On the down side, in recent episodes those moving parts had begun to move a little too far apart from one another – to the point where there wasn’t much connecting (in the most obvious examples) the S.H.I.E.L.D vs S.H.I.E.L.D story with Agent Skye’s discovery that she’s actually one of the (still unnamed) Inhumans beyond the prior relationships between the characters. “Frenemy” sets about bringing these (and other) divergent plot-threads back to one place and (shockingly!) manages to feel almost organic while doing so.
The setup(s): May and Simmons are pretending to help Superhuman-phobic “Real S.H.I.E.L.D” look for Fitz and Coulson, who’ve absconded with Nick Fury’s “Toolbox” and its index of… everything, basically. Coulson, Hunter, Deathlok and Fitz meanwhile have scooped up Ward and Agent 33 to help them find the two surviving HYDRA bigwigs, Dr. List and Baron Strucker (this appears to be our big tie-in to AGE OF ULTRON) on the logic that they’ve been abducting/experimenting on “powered people” (we’re still not calling them Inhumans, I guess) and thus might be behind Skye’s disappearance or at least know about it. Skye, of course, has actually been hanging out at The Inhumans’ (or, more likely, a smaller community thereof) secret retreat, getting to know her surprisingly still-living Inhuman mother Jaiying and less-surprisingly still-insane science-enhanced father Cal/Mr. Hyde.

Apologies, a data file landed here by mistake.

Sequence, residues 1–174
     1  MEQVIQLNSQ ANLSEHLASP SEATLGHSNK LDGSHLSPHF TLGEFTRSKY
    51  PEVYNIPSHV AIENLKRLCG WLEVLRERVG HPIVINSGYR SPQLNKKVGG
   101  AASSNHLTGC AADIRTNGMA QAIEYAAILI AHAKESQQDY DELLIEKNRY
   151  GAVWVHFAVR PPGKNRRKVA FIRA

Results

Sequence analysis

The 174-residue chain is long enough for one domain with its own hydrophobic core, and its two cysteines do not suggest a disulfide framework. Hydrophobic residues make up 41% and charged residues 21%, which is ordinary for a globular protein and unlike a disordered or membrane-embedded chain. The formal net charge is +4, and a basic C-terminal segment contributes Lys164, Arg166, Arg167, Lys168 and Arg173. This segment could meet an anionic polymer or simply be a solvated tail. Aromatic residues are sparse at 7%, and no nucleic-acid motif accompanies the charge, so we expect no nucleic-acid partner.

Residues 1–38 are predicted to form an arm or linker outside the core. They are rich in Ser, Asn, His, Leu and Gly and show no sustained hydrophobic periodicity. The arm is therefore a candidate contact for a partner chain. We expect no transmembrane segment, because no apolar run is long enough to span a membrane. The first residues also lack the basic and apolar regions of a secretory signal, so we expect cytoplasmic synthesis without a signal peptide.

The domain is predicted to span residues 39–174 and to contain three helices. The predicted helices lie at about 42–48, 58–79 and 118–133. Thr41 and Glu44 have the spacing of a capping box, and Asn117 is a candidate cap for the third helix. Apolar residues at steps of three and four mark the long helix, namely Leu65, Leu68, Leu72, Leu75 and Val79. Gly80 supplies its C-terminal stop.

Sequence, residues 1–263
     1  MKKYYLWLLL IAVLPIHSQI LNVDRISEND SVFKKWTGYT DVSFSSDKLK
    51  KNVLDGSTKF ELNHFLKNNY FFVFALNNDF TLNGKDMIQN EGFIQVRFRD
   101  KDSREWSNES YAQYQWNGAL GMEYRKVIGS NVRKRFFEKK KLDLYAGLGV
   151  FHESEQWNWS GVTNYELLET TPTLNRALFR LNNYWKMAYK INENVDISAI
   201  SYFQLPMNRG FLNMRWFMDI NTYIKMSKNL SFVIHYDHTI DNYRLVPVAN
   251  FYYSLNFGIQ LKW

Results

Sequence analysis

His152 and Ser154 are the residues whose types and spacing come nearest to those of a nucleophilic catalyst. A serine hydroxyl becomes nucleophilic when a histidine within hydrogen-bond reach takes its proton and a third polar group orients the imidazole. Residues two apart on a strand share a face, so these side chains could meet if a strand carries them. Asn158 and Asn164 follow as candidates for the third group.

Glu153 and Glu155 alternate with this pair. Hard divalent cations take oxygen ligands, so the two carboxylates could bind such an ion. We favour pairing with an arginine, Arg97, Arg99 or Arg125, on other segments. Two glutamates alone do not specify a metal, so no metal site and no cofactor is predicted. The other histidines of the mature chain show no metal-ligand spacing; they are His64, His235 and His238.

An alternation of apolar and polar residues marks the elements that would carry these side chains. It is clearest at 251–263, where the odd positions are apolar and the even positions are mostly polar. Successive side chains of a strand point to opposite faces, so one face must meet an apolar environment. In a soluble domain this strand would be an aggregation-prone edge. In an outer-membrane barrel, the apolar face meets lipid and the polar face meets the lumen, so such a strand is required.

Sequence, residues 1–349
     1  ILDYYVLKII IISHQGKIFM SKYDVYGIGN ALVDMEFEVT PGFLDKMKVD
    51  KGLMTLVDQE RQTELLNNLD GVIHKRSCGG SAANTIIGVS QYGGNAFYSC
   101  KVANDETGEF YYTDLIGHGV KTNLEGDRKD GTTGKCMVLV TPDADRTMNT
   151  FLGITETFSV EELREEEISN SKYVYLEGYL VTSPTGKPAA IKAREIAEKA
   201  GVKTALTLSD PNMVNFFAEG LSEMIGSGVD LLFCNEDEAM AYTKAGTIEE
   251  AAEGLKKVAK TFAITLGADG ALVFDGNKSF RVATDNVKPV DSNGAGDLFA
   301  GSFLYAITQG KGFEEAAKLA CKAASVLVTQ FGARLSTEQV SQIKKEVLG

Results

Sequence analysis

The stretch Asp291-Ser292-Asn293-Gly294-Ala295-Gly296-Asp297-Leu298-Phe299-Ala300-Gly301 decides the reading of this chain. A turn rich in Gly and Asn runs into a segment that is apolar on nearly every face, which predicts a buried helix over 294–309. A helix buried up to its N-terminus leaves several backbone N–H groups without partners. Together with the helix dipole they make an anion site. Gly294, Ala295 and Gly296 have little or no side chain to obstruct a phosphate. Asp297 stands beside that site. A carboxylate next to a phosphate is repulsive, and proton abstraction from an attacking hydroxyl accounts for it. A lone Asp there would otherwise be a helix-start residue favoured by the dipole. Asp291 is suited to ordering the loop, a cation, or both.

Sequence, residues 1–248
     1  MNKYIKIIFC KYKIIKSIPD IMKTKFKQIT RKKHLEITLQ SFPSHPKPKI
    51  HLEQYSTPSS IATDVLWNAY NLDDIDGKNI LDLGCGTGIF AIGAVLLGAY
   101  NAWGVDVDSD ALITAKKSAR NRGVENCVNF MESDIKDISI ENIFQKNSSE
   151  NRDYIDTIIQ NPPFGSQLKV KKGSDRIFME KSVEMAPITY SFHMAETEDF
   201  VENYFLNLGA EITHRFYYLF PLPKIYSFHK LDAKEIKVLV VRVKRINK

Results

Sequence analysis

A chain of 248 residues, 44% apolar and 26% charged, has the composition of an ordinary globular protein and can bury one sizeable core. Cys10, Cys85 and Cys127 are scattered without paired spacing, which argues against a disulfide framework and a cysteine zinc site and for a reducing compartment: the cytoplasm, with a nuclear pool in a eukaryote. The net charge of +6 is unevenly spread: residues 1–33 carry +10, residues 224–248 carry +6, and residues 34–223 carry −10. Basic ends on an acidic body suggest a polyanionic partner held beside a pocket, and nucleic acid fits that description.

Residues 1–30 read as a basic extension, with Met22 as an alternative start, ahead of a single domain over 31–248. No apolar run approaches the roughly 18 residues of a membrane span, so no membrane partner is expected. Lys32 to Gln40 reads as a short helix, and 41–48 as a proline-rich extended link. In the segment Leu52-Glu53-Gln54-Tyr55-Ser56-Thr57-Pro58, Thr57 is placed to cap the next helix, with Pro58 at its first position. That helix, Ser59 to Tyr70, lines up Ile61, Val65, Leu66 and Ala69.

Since this is AGENTS OF S.H.I.E.L.D, all of these huge interests and powerful characters ultimately converge on… a relatively-inexpensive shooting location – in this case Cal’s abandoned Milwaukee doctor’s office, where Skye is supposed to be letting him down gently about not being allowed to hang around Afterlife (The Inhuman’s refuge) any more because of the whole evil/not-Inhuman thing. Misunderstandings abound, mostly because people keep first glimpsing Coulson either in the company of “complicated” individuals like Ward or Deathlok. Things wrap up (so to speak) with Skye and Cal vanished again (List was actually chasing Gordon’s teleportation energy signature around) and Coulson seemingly pretending to hand himself over to Real S.H.I.E.L.D; setting up what’s being promoted as an action-heavy episode next week.